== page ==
In ancient times the Moon’s light, nowadays outshone by street lights, played a big role in people’s lives. It was easier to do things at night outdoors under a fullmoon, so people’s real-life activity-patterns would change with the Moon. In fact, many indigenous peoples don’t think so much in terms of the waxing and waning Moon, but more in terms of the Bright Moon and the Dark Moon, between the halfmoons.
It’s not just an environmental influence the Moon exerts, in terms of light: it’s an energy influence too, and you can feel it when out under the Moon. Moonlight affects hormonal and psycho-emotional issues to a much greater extent than modern society and its purveyors of official wisdom would accept.
The Bright Moon was a time for activity and productivity and the Dark Moon was a time for cogitation and introspection – and it still is. It has simply become less conscious in modern times.
For women, awareness of lunations is important. There is a theory that, once upon a time, menstrual and lunation cycles were synchronised – women ovulated at fullmoons and menstruated at newmoons. Whether or not this was true or generally the case, it’s certainly true that, when women live closely together over time, their menstrual cycles tend to harmonise.
This lunar periodicity reflected a power amongst women to attune to their bodies, their hormones and psyches in a wavelike way which men do not experience in the same way. Women were in bygone days more in tune with the natural, instinctual secrets of their beings than many women are today, also asserting a stronger influence in the life of the family and tribe. The laws and customs of the British iron age Celts were quite gender-egalitarian, and we can assume that this was the case further back too. We will see a major world transformation when womankind regains this harmony within herself and in society, and this historic process is now happening, in its early stages.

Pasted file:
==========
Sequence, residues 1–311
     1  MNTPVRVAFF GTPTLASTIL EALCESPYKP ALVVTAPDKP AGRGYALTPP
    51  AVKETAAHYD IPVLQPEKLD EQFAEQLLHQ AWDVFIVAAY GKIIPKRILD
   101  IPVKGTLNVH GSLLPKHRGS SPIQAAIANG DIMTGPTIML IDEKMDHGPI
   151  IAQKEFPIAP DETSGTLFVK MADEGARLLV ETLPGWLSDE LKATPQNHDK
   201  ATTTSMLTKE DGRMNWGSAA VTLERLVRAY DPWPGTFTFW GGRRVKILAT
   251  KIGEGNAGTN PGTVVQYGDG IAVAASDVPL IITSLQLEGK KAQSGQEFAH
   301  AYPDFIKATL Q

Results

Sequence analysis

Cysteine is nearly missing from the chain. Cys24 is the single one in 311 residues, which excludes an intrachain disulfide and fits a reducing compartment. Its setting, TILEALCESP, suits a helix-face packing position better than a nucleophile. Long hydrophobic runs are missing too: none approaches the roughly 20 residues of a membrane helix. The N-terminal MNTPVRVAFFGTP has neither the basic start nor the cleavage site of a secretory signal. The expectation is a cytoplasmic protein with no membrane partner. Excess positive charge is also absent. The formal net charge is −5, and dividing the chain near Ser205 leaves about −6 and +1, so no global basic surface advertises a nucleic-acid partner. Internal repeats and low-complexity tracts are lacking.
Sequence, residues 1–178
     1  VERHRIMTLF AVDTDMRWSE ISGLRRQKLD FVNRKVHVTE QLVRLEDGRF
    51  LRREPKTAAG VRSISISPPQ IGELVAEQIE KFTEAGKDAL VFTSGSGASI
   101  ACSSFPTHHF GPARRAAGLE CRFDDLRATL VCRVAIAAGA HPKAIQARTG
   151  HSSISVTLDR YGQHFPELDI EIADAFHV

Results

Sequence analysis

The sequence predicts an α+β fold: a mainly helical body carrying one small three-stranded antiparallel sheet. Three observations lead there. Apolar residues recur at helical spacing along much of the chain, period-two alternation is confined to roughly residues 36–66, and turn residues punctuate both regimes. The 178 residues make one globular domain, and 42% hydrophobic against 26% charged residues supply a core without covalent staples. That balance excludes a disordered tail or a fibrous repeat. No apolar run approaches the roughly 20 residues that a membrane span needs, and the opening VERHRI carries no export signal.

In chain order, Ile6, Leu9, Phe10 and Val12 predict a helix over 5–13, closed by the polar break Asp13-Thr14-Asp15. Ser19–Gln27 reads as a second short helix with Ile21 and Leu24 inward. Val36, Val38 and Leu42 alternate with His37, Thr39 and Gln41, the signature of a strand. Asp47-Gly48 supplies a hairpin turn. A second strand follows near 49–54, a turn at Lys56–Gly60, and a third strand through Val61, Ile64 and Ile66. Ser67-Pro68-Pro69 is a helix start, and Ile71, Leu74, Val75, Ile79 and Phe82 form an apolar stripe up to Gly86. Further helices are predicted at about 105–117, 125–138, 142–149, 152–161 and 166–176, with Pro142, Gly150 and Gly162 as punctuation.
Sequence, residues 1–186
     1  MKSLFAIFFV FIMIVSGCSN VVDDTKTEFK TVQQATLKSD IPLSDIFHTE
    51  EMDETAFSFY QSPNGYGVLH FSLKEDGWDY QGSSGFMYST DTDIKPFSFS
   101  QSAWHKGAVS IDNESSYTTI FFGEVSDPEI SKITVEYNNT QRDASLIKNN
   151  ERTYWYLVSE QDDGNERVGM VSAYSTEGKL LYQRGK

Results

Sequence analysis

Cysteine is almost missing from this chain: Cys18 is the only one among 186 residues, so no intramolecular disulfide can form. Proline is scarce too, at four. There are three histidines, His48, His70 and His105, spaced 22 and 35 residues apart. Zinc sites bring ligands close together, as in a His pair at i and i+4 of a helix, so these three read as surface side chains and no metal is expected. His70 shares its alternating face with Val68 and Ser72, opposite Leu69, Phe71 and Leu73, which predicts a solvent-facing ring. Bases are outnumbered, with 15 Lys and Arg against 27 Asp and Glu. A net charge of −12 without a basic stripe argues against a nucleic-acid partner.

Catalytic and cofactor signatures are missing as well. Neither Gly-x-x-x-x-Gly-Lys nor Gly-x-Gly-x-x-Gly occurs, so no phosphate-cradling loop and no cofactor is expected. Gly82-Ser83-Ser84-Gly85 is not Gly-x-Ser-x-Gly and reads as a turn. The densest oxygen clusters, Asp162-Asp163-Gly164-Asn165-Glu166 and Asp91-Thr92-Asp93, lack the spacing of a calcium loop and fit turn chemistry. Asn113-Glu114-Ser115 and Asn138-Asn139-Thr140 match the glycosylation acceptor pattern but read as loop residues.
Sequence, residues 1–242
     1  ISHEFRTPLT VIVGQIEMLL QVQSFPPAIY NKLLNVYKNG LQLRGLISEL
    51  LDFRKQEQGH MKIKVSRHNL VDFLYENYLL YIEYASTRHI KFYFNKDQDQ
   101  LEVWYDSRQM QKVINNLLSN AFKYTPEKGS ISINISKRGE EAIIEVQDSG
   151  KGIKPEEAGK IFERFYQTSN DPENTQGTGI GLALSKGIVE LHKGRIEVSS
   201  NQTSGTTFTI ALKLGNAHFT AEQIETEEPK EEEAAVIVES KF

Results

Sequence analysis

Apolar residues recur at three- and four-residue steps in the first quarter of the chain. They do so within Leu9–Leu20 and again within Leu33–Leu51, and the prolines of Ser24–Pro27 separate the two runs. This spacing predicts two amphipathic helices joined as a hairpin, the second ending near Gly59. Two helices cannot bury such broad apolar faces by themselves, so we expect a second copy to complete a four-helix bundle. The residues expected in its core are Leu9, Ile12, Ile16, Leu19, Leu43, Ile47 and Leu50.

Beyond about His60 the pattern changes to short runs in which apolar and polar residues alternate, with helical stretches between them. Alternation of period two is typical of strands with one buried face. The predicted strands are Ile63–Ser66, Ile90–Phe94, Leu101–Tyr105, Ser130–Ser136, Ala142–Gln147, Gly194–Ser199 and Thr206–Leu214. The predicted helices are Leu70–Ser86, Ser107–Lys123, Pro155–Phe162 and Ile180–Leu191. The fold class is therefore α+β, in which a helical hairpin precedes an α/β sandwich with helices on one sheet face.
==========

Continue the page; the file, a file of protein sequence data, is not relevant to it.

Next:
Only sometimes is an eclipse visible in the sky because it might be taking place under the Earth, or it is not exact enough to be visible as an eclipse, or the weather doesn’t oblige. In a longish lifetime you might see but 3-5 total eclipses of the Sun and perhaps twentyish total eclipses of the Moon, though you’ll see many more partial eclipses. That is, if you look.
Even if you don’t see them you can sense them – there’s a powerful stillness, sometimes eerie and rather magical, to an eclipse. Time warps and funny thoughts or situations can arise – sometimes rather oracular and significant. It’s a time to treat specially, to pause for.
The Moon is eclipsed only at fullmoons (when Earth’s shadow falls on the Moon, lasting up to 1 hour and 20 minutes). The Sun is eclipsed only at newmoon (when the Moon passes in front of the Sun, lasting up to 8 minutes, and throwing a dark shadow on certain parts of the Earth but not all of it).
A solar eclipse is a rarer occurrence than a lunar eclipse because, to be total or even noticeable, the positioning of Sun, Moon and Earth need to be more exact than is the case with a lunar eclipse. The shadow of the Earth on the Moon, which causes a lunar eclipse, is wider than the diameter of the Moon. Not least because Earth, casting its shadow, is bigger than the Moon.
When you’re watching a total lunar eclipse, you’re watching the progression of a complete cycle of lunar phases in just over one hour, starting and ending at fullmoon. That is, a bite is taken out of the fullmoon which eventually covers it and makes it go dark. Eventually a crescent appears, turning gradually to full again. It’s very moving to watch and feel.